The National Institute of Allergies and Infectious Diseases (NIAID), part of the National Institutes of Health (NIH), has awarded a $25 million grant jointly to researchers from the Vaccine & Gene Therapy Institute, Florida (VGTI FL) and the University of California, San Francisco (UCSF). The award of nearly $5 million a year for five years is part of the Martin Delaney Collaboratory, a funding opportunity designed to foster public-private partnerships to accelerate progress toward an HIV cure.
Primary researchers include investigators Rafick-Pierre Sékaly, Ph.D., co-director and CSO of VGTI Florida; Steven Deeks, M.D., professor of medicine at the UCSF Division of HIV/AIDS; and Joseph “Mike” McCune, M.D., Ph.D., chief of the UCSF Division of Experimental Medicine. The team also includes an industry partner Merck Research Labs.
Approximately 40,000 new infections and 16,000 deaths from HIV are expected in the United States this year. Today, 1.2 million Americans are impacted by HIV/AIDS including 98,000 Floridians. In the past 30 years and since its discovery, 30 million lives have been claimed by this devastating disease.
“Drugs can control HIV in infected individuals. However, patients have to take these drugs all their lives. The only way to stop this is by completely eradicating HIV from the place where it is hiding during drug treatment,’’ said Rafick-Pierre Sékaly, Ph.D. “This objective cannot be reached by one or two laboratories but requires collaboration among several sectors of the biomedical research industry including corporate partners.”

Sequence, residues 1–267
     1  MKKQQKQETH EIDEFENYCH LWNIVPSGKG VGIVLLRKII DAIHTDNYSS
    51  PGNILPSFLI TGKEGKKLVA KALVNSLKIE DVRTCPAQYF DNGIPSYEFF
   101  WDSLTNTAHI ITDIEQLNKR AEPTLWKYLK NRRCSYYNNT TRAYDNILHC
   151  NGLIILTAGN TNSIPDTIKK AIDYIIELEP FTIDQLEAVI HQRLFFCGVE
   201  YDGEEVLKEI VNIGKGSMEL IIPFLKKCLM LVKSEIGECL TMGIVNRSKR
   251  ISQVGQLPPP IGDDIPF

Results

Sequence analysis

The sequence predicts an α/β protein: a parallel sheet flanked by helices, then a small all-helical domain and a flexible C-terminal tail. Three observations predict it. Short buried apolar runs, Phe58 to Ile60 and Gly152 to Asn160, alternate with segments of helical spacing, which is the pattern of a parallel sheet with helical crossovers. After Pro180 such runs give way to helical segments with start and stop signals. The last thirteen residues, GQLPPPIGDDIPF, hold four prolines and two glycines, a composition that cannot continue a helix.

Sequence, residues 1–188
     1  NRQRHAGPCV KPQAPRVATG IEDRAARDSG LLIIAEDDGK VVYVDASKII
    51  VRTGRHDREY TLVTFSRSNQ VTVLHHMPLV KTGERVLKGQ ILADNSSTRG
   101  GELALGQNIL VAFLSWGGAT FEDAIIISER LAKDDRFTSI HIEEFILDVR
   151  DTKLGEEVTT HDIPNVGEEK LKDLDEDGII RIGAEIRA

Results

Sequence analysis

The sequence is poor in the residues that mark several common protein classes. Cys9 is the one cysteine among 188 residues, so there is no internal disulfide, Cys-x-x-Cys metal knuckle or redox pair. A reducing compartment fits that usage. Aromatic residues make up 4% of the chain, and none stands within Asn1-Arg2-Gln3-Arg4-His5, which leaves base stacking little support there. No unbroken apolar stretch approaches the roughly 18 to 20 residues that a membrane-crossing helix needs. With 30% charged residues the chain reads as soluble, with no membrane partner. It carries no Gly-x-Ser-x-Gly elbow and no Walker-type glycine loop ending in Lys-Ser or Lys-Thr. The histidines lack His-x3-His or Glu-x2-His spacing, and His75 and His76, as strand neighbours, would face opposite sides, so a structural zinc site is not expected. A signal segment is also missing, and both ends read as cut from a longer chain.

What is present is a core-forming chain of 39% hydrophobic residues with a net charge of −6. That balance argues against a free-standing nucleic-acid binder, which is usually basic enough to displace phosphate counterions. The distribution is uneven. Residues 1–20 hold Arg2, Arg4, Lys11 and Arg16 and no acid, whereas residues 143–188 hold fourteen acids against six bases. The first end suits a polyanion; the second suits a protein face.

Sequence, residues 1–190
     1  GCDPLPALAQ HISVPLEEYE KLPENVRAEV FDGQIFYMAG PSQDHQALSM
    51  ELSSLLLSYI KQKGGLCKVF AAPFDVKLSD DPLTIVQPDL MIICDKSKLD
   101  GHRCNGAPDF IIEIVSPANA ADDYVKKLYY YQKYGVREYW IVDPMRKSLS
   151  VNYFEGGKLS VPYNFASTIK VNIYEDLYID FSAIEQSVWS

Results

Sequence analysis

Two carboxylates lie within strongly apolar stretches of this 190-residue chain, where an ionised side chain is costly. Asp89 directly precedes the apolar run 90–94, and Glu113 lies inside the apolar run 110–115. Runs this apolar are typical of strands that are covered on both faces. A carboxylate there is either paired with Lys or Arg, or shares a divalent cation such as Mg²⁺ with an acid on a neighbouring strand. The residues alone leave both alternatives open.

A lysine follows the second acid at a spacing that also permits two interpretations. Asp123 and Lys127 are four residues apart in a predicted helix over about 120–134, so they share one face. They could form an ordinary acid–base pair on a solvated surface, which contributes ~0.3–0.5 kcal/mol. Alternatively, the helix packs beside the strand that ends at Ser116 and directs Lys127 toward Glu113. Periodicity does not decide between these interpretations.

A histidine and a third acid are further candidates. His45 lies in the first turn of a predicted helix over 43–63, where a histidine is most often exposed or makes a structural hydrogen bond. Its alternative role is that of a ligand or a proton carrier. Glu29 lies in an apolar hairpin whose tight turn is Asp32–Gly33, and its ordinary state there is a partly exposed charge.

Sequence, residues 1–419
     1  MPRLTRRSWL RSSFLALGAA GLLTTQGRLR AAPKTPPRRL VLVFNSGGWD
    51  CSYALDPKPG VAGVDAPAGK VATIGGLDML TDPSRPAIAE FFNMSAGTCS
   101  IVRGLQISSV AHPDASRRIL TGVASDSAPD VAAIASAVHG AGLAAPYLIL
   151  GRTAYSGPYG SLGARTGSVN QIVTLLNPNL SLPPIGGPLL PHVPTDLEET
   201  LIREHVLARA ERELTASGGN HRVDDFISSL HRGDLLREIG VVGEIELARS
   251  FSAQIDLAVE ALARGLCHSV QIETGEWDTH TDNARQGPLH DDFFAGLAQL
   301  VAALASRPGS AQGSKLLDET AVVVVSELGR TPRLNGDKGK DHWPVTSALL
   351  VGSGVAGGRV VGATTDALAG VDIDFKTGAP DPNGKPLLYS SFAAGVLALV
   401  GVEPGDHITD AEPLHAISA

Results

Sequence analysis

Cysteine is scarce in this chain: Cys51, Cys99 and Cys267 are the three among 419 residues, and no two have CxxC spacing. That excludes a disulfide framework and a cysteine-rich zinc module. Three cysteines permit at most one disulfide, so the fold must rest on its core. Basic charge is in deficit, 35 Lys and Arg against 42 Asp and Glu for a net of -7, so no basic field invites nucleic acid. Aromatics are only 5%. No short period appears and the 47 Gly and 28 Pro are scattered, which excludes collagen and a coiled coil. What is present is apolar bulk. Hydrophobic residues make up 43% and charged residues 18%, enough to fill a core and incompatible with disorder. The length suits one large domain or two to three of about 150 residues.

“HIV continues to kill millions of people in developing countries, including many regions of Africa, Asia and Eastern Europe. Our hope is to have a single, or more likely, a combination regimen that truly cures the disease and that we could eventually deliver to people infected with HIV throughout the world,” said Steven Deeks, M.D.
‘’Our group at VGTI FL has identified new mechanisms that allow HIV to persist in the human body. This grant will enable us to find a way to expunge the virus from its hideout,” said Dr. Nicolas Chomont, Assistant Member at VGTI FL.